Would you pay more than US$100 for an Argentine Malbec?

Wednesday, 08-Jan-2014
Published by Wine-Searcher.com by 

Catena-Zapata-vineyards-Agrelo-Lujn-de-Cuyo-Mendoza-©Estudio_García&BetancourtYou won’t see Argentina headlining wine auctions yet, but the world’s fifth-largest producer is beginning to make collectible wines. At this stage, buyers are more likely to have romantic reasons for embracing Argentina, though producers hope that wine investors may soon follow them into the market.

“Most of our clients that spend over US$80 a bottle have either visited Argentina and fallen in love with the country or are married to an Argentine,” says Christian Rothhardt, founder of specialist Argentine wine merchant Ruta 40 in London.

Tapping into the tourist trade is an important factor in Argentina itself. The Vines of Mendoza tasting room in the historic city encourages visitors to taste wines from different producers, after which they can ship bottles home and subsequently send orders from the United States.

“The average price of our wines sold [here] is US$45,” says head sommelier Mariana Onofri. “Once they have been here and experienced the great wines, they are confident spending more on Argentine wine in the future.”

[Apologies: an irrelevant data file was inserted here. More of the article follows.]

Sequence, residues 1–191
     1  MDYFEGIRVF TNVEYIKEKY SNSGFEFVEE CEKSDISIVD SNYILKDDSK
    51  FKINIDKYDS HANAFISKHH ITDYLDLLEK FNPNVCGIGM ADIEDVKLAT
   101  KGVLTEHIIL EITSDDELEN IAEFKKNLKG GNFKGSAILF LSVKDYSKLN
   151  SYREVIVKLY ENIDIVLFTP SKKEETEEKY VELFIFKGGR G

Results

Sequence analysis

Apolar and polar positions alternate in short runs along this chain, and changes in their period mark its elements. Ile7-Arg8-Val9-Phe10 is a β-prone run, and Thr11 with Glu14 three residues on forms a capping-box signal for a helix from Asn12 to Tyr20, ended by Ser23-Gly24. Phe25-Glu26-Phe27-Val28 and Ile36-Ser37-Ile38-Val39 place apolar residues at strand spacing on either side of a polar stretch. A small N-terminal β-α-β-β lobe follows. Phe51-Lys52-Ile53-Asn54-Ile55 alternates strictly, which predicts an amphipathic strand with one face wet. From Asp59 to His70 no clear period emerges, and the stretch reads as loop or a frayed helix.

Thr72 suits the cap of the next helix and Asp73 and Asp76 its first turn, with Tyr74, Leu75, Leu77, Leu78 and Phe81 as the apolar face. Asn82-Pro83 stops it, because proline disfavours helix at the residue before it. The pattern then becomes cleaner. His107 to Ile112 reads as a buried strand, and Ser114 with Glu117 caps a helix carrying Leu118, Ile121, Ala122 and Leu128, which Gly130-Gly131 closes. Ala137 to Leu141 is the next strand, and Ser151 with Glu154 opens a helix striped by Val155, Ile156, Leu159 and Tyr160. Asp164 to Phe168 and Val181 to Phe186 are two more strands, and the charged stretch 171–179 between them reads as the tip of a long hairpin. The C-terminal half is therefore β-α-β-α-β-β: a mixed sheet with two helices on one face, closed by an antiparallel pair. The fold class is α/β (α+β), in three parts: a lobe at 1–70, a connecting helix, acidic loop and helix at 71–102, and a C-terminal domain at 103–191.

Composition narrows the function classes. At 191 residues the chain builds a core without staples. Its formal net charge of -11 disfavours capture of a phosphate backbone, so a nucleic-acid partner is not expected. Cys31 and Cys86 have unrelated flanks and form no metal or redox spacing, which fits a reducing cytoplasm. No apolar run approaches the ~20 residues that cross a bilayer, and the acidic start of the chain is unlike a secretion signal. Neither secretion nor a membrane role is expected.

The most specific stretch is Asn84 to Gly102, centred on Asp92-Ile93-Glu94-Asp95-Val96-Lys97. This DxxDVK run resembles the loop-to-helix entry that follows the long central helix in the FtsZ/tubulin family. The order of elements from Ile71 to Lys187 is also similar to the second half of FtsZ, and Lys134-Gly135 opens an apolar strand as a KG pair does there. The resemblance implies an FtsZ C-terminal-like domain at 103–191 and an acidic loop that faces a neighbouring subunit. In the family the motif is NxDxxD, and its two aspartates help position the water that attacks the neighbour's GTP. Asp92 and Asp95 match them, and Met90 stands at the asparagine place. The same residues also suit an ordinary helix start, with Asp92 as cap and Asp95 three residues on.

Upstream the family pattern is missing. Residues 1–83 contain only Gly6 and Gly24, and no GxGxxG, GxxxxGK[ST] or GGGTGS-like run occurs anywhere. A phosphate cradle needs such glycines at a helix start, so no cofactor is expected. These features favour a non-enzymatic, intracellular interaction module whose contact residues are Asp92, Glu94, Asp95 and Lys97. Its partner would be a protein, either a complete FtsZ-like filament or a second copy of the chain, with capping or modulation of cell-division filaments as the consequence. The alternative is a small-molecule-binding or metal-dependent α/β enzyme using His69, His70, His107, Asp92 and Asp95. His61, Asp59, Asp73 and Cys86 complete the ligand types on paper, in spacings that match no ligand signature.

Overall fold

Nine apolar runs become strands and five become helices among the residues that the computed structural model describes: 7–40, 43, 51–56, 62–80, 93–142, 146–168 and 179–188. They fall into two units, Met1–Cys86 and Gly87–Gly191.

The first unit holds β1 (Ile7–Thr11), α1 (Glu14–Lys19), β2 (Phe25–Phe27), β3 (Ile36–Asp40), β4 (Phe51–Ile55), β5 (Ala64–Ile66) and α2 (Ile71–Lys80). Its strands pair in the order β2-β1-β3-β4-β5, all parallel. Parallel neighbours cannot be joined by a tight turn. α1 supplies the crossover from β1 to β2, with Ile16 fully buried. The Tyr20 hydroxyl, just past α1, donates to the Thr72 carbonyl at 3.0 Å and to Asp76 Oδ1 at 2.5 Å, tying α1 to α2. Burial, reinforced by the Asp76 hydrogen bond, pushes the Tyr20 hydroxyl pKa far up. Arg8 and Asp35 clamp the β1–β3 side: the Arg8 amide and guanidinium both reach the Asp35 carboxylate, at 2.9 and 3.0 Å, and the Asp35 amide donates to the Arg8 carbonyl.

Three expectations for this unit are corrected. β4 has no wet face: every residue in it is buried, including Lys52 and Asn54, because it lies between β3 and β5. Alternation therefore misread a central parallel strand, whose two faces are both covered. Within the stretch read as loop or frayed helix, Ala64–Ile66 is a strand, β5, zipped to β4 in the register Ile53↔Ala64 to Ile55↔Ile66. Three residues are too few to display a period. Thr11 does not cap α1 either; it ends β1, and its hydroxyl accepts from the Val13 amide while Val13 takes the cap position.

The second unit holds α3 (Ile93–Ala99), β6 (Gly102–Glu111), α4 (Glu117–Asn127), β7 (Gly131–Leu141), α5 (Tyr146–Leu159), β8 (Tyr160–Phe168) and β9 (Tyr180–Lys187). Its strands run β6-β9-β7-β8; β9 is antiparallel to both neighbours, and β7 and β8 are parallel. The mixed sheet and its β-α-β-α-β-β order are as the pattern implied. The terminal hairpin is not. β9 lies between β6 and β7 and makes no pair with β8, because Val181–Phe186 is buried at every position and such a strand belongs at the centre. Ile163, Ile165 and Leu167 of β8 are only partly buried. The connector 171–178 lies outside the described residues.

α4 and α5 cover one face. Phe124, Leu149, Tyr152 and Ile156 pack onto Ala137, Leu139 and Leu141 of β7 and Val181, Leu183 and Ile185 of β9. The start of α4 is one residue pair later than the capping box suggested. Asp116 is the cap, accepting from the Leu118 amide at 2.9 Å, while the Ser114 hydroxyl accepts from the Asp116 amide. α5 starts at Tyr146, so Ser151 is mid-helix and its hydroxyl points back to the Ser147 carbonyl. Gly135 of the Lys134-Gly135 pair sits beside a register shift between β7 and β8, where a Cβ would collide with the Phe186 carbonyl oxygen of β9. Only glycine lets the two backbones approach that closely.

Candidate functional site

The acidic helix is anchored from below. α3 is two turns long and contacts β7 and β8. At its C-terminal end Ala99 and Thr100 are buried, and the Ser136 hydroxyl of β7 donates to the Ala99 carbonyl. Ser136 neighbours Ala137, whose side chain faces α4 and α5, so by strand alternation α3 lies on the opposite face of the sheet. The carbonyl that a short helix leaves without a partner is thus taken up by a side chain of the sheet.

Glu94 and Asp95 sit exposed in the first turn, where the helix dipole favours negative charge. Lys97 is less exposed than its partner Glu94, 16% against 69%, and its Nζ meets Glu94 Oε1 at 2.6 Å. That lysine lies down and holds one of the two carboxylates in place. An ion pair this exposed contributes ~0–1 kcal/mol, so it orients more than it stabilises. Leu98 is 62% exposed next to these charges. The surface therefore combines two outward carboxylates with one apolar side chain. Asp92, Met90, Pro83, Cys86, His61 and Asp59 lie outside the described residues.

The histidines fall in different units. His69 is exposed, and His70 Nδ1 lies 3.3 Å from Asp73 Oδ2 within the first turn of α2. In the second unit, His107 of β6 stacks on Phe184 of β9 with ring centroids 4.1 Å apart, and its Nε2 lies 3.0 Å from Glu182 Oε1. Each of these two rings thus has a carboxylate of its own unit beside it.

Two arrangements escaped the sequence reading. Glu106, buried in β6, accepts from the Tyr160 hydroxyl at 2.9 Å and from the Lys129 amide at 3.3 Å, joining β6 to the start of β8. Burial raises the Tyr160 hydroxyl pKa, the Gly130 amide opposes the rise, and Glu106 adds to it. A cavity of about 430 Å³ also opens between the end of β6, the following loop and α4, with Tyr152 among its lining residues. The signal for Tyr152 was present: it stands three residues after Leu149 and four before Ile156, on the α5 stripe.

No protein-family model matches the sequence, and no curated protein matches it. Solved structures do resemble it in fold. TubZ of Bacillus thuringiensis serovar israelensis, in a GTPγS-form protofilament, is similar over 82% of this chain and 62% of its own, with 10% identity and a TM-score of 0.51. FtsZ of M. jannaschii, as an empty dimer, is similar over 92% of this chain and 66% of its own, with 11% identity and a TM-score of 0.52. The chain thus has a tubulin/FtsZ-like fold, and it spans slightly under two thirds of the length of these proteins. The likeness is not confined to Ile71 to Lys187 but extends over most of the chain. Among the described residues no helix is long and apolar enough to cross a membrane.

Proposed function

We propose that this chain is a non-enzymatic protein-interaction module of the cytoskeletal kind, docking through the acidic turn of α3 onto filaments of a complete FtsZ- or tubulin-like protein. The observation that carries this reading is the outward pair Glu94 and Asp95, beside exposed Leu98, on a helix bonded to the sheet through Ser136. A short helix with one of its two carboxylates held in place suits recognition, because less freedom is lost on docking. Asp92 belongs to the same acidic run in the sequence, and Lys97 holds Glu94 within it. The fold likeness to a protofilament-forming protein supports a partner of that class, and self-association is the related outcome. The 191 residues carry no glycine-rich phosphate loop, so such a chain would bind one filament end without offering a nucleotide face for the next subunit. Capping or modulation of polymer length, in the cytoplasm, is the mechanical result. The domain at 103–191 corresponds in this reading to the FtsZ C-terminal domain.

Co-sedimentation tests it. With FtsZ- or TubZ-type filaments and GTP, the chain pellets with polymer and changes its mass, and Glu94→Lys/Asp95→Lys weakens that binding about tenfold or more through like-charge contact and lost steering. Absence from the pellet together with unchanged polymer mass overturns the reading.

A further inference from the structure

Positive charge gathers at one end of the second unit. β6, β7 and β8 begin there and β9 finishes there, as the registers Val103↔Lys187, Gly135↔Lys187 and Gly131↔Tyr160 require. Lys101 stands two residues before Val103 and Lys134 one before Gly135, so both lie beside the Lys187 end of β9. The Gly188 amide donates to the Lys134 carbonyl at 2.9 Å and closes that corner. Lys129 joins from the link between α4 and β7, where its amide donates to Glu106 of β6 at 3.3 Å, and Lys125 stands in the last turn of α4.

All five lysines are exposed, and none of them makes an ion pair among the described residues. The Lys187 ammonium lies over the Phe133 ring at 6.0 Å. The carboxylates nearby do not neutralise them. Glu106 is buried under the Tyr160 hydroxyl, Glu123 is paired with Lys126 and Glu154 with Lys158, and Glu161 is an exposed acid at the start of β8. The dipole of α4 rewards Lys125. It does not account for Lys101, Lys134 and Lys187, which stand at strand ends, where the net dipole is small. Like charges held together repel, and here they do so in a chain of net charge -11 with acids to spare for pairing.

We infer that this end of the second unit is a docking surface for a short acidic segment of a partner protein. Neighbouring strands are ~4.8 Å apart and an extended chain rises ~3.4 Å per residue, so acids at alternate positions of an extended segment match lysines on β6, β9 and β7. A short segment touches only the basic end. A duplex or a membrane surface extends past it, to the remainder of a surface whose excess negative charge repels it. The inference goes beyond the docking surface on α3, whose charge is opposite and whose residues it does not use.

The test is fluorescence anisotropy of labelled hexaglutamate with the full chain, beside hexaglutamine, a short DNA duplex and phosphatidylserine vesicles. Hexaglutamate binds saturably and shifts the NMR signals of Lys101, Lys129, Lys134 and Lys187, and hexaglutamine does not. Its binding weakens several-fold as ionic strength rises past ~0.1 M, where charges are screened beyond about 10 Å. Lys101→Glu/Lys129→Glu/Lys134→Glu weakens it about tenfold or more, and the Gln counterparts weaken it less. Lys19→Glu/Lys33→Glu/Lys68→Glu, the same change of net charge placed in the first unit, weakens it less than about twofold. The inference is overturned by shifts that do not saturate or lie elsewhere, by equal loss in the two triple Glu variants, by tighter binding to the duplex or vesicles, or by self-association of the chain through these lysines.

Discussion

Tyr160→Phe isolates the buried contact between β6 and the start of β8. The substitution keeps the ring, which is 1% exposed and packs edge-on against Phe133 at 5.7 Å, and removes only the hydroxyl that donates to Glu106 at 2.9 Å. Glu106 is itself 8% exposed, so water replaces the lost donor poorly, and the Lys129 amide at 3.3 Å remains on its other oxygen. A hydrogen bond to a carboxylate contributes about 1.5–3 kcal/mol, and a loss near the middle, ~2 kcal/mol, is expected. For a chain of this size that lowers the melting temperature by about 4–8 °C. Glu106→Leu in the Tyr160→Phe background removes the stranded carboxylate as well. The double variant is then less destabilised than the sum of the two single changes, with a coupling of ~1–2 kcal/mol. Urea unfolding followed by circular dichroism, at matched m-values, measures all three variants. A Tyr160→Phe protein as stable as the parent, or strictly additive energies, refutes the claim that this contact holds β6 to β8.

That said, many of Argentina’s top wines are bought by affluent locals and wine-loving Brazilians on vacation. Visitors hunting out bargains are sometimes disillusioned to discover that the prices charged at the cellar door are higher than at home. Take, for example, one of Robert Parker’s top five producers in Argentina, Alta Vista. The 2007 vintage of its leading wine, Alto, sells at 600 pesos (US$92) yet is listed on Wine-Searcher at an average price of US$74 excl. tax. It’s not about ripping off tourists, either, as the same higher prices – and more – are charged in local wine stores and restaurants.

So, why are Argentine wines sold more cheaply 5,000 miles away than they are in the place of production? The anomaly arises because of the parlous state of the Argentine peso. At the time of publication, the official rate was 6.5 pesos to the U.S. dollar, while the black market rate was 10.3. It’s the official rate that’s used in exports.

Taking average worldwide prices as a barometer, here are the top 10 on Wine-Searcher’s list of Argentina’s Most Expensive Wines*. To be included, a wine must have been produced over five consecutive vintages and have a minimum of 20 different offers in our search engine.

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